Today, morning fog clings to the rocks from which the trees grow, making them seem suspended, very slightly, above the earth, detached, floating. Just the opposite of their usual rooted integrity.
The shapes of the spruces and the leafless white birch seem honed by a razor until all the extraneous bits have been skillfully removed. Revealed is the beauty to be found in the unadorned, the pure and simple. In the way that the structure of the haiku makes the poem appear, the structure of the forest, with its simple contrast of colors and textures, can remind us what lies beneath our own surface.
Many religious traditions encourage us to strip away the inessential in a quest to reveal the soul within. To be found there is our truest nature, our essential self, an image of God. There are many ways to hone our soul and to release it from its outer cover: prayer, meditation, spiritual friendships, crisis, calamity, falling in love, having a child. However we manage to do it, stripping away the mask of self is a lifetime’s work.
It’s a blessed, peaceful presence that the spruces offer. Lifting eyes to the skyline brings awareness of the the ground upon which we stand, and of the the timelessness of it. Grounded and enveloped, you can center here and be drawn into the forest world. There is a world not of busyness, but of the still and intimate presence of God made plain by the profound beauty of these majestic trees, clean against morning’s silver sky.



Each drop of water

every falling leaf

constitutes a miracle.

Autumn days in New England bring cerulean blue skies splashed against red and orange leaves to form a patchwork of color blurred through the scented veil of woodsmoke.

Leafy stripes and plaids wrap hills and valleys in autumn’s brilliant fabric and seem to dye the landscape with impossible tints of vermillion and ochre and citron.

This one last flash of glory serves to deny the imminence of winter’s silvered grey. Exploding from a late summer start, autumn’s energetic colors sprint toward their seasonal finish line. Once there, they bring to us an awareness–kept at bay by spring’s potential and summer’s abundance—that all life will end. Red and orange will turn to brown. Cerulean blue will turn to silver. Sunshine slants thin and low in the sky.

Alone among life, human beings know that we will die. We are gifted with the capacity to understand the cyclical nature of earthly life. We see our children born and our parents die. We know that night follows day and that old age is the inevitable outcome of youth. This gift, this knowledge that life is fleeting, calls us to attend to each moment. Yet, careworn and human, we take for granted what should serve to energize and inspire. We ignore moments that call us to anoint and to rejoice.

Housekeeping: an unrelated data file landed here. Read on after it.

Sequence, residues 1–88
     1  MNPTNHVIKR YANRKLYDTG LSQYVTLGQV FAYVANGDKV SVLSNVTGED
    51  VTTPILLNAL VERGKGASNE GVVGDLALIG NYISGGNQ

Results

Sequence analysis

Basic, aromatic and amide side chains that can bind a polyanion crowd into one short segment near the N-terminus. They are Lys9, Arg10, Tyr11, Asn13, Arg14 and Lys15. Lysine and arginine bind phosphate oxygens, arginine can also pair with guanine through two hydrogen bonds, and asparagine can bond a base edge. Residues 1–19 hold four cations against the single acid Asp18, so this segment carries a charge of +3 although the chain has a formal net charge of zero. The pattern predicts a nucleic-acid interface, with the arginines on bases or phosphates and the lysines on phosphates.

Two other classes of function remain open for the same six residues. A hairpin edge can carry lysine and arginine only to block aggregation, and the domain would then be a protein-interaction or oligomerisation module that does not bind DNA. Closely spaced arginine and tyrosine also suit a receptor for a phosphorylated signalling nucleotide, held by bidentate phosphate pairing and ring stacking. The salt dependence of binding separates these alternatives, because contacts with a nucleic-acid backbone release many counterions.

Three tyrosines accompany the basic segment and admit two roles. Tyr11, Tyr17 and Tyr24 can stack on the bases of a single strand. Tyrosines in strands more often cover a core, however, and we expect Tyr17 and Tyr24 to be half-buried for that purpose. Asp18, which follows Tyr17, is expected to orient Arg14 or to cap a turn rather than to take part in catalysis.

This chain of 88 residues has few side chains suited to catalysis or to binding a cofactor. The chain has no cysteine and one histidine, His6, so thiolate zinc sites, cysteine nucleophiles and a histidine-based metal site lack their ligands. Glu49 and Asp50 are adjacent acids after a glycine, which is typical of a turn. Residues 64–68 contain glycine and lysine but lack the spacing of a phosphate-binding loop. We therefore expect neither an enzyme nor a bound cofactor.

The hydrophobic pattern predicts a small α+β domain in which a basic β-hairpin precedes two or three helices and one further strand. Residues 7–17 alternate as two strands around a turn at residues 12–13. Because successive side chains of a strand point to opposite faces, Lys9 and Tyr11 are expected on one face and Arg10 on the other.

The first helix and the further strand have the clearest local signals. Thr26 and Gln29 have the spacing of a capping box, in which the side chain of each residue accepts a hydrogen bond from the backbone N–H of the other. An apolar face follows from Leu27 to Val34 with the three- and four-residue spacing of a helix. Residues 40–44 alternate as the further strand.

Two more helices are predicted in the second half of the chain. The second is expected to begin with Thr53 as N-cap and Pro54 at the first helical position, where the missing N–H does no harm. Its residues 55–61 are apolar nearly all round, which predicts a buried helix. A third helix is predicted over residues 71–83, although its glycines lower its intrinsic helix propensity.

How then, should we live our one holy and mysterious life? Is living and having to die a siren call for our attention or an invitation to stupor?

In times past, a people living in closer proximity to nature saw the world as a sacred place. Spirit lived everywhere and enlivened everything. The veil between this world and the next was thin. Leading people to a belief in signs and portents, as well as to a loving reverence for all of life, the ancient sacramental universe carried the taint of superstition by the time of the Enlightenment. Post Enlightenment, the universe was explained in ways concrete and rational. Scientific principles removed any hint of life’s holy mystery.

Still, seeing the mystery in each moment is easy once you decide to look. Who can explain kindness or love or bravery? Consider the nettle, the muskrat, the garden slug. Each contains the same holy and miraculous life. Awakening instills in our souls a deep reverence, and an even deeper gratitude, for life.

Awareness of life’s fragility, when combined with awakening to the sacred, brings us the gift of a life lived “all in”. We come to know ourselves as part of a finely woven fabric of living that urges us to hold nothing back. Releasing over-thinking and fear, we can embrace lives full of sacred experiences–lives plumbed deeply for their holy miracles.

Frozen Windowpane

Frozen windowpane
Snow, sleet, ice.
A fly suns herself.

We have just come through 36 hours of a serious nor’easter here on Vinalhaven. And although the wind is calm and the sun shines thinly through the clouds today, we still have no internet or telephone and only intermittent power. In an instant autumn became winter.
When I went to sleep Saturday night, a light rain and a gusty wind made the two large maples in front of my house swoosh and sway. The maples were still full of beautiful leaves–like full heads of hair–in shades of red, orange and yellow.
By Sunday morning it was a white world. The maples were going bald. Snow fell sideways, mixed with sleet, and wind howled and moaned through the trees and around the chimney. It was hard to hear yourself talk, even inside the house. Outside, it was deafening. When the lights went out midday, I climbed upstairs to bed, cuddling with my cat, under the down quilt, trying to stay warm. I was only moderately successful, but Penney slept soundly.
With power and communication now restored, I feel a little disoriented–melancholy, although the sun is shining brightly. Being less insulated from the natural world was, in its way, nurturing. I think I miss the howling wind and freezing sleet. I know that I miss the time I spent apart from the world’s demands. The isolation and the quiet worked to heal, and to nurture my weary spirit.